It has long been the assumption that students need to learn the building blocks of math before they can solve more complicated problems. Some educators are beginning to question that assumption, saying that it may be responsible for turning many students off math at an early age. In an article written for the Atlantic, MindShift contributor Luba Vangelova writes about a different approach to math education that focuses on the patterns and structures of mathematics, as opposed to computations.

“‘Calculations kids are forced to do are often so developmentally inappropriate, the experience amounts to torture, she says. They also miss the essential point—that mathematics is fundamentally about patterns and structures, rather than ‘little manipulations of numbers,’ as she puts it. It’s akin to budding filmmakers learning first about costumes, lighting and other technical aspects, rather than about crafting meaningful stories.”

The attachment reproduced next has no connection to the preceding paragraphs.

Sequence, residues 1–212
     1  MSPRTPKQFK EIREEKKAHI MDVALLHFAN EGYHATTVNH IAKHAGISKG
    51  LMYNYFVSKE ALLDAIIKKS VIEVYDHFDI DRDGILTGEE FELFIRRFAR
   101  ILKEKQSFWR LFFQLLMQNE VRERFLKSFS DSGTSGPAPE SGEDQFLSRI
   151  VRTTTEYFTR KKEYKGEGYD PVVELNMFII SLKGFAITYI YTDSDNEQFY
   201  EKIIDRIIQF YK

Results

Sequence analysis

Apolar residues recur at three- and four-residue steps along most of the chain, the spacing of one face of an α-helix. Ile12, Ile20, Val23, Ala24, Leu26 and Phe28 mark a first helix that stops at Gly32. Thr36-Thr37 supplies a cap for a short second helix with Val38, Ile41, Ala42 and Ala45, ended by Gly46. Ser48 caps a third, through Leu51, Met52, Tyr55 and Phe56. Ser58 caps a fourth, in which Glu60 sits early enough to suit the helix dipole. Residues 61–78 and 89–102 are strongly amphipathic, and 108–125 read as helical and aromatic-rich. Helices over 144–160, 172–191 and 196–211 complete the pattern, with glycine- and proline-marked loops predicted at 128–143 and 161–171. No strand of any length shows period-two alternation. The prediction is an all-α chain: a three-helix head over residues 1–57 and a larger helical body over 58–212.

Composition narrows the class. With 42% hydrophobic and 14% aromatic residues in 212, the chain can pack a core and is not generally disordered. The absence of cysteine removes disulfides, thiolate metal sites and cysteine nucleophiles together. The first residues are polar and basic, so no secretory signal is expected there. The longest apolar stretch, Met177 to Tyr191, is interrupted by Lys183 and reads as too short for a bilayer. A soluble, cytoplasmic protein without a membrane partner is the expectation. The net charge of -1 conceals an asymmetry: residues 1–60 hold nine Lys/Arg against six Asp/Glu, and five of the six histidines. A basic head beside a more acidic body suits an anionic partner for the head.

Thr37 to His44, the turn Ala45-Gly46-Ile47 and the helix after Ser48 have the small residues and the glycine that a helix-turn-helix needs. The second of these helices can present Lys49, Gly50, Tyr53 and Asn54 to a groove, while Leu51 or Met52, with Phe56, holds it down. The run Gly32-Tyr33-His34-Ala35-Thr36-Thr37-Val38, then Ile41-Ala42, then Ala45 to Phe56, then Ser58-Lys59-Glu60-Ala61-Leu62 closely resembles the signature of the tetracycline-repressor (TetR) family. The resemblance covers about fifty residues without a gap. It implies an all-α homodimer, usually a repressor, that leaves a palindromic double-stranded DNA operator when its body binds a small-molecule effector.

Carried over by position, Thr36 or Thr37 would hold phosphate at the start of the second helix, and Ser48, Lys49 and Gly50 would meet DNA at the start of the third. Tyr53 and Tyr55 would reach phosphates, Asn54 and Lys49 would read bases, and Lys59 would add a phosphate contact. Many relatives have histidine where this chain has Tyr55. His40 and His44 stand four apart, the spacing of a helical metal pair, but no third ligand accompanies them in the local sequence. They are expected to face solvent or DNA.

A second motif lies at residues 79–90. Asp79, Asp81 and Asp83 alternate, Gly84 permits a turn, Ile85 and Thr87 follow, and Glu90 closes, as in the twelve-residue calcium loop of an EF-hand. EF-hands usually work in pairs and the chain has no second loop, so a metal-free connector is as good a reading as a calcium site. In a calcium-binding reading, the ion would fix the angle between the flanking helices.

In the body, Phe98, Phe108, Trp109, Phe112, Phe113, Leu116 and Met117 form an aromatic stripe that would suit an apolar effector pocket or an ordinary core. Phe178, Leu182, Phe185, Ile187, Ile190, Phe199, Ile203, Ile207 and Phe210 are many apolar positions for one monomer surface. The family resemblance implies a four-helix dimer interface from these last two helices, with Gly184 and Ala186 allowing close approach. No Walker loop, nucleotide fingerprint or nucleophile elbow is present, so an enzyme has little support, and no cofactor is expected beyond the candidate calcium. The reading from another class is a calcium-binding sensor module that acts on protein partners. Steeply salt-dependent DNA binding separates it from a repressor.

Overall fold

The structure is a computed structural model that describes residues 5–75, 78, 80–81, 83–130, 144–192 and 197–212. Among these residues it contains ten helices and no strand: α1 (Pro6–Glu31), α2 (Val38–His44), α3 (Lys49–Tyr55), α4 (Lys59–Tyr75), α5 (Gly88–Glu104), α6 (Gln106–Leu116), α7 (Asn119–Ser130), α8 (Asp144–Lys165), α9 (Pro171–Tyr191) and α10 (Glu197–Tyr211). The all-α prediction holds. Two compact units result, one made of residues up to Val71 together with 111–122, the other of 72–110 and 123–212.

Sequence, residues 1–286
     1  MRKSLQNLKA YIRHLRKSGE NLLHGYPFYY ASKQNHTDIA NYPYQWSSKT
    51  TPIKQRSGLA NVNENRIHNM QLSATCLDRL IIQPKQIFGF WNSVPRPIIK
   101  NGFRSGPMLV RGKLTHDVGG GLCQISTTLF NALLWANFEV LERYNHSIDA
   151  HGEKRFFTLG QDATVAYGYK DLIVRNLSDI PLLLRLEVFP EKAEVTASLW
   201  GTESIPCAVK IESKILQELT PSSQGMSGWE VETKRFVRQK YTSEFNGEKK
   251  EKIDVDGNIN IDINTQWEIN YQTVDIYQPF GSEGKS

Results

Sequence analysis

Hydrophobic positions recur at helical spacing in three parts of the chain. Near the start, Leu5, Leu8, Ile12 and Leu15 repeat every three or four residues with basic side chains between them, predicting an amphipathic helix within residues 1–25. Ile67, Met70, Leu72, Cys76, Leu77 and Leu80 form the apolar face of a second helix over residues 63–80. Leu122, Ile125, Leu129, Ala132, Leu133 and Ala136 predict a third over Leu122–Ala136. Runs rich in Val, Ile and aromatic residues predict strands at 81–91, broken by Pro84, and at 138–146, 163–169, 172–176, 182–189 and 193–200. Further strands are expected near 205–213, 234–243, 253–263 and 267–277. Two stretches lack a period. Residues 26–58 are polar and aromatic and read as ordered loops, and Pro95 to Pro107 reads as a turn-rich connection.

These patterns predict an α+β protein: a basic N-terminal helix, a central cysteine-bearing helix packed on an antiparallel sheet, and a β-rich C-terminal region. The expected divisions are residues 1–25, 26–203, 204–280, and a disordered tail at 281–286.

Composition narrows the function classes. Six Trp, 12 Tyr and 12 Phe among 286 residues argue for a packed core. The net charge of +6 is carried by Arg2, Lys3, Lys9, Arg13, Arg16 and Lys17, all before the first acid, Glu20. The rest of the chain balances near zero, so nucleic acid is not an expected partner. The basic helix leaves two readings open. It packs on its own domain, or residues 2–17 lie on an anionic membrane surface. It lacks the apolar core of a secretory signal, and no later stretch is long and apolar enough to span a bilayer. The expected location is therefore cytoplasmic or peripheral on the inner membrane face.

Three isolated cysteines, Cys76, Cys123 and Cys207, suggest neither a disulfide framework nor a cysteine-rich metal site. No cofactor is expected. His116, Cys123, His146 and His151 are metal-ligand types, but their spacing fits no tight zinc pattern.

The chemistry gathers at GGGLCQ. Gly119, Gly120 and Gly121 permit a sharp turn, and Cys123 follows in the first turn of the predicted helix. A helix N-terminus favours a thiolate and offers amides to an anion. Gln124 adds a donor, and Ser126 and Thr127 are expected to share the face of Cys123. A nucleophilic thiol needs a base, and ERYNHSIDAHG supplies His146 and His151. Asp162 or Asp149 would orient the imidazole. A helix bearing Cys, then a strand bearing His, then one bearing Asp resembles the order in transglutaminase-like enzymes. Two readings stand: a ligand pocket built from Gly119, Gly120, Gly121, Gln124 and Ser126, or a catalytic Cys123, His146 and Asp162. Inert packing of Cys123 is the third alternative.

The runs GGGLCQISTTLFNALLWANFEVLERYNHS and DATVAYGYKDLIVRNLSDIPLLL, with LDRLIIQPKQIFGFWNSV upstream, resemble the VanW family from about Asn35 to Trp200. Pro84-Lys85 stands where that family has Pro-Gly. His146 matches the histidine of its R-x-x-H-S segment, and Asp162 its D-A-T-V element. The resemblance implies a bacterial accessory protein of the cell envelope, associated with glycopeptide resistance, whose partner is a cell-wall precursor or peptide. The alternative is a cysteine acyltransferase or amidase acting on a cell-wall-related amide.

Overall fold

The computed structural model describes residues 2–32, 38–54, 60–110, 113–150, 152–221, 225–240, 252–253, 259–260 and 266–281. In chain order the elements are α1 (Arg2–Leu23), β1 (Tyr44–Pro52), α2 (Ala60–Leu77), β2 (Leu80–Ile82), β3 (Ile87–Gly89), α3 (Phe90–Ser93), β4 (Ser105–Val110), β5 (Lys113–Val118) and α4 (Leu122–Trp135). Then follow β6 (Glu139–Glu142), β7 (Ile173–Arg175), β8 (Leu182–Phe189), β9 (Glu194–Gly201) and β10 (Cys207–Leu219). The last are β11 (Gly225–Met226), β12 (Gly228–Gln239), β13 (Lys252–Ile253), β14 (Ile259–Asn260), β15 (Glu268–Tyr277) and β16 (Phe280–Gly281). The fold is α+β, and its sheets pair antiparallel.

5-Year-Olds Can Learn CalculusThe familiar, hierarchical sequence of math instruction starts with counting, followed by addition and subtraction, then multiplication and division. The computational set expands to include bigger and bigger numbers, and at some point, fractions enter the picture, too. Then in early adolescence, students are introduced to patterns of numbers and letters, in the entirely new subject of algebra.

## Author

### Katrina Schwartz

Katrina Schwartz is a journalist based in San Francisco. She's worked at KPCC public radio in LA and has reported on air and online for KQED since 2010. She's a staff writer for KQED's education blog MindShift.

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